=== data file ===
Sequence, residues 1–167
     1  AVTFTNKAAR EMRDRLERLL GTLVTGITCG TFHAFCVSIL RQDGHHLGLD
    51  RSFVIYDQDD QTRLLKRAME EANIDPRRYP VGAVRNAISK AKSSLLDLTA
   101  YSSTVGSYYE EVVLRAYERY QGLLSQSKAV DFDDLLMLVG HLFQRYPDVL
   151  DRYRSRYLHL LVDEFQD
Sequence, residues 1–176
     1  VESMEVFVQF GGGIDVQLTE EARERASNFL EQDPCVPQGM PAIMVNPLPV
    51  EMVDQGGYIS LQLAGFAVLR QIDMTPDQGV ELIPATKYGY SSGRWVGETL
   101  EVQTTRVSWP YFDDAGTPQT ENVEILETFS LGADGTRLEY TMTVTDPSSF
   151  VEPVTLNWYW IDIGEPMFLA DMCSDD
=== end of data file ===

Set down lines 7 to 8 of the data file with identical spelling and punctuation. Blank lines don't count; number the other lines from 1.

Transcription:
     1  VESMEVFVQF GGGIDVQLTE EARERASNFL EQDPCVPQGM PAIMVNPLPV
    51  EMVDQGGYIS LQLAGFAVLR QIDMTPDQGV ELIPATKYGY SSGRWVGETL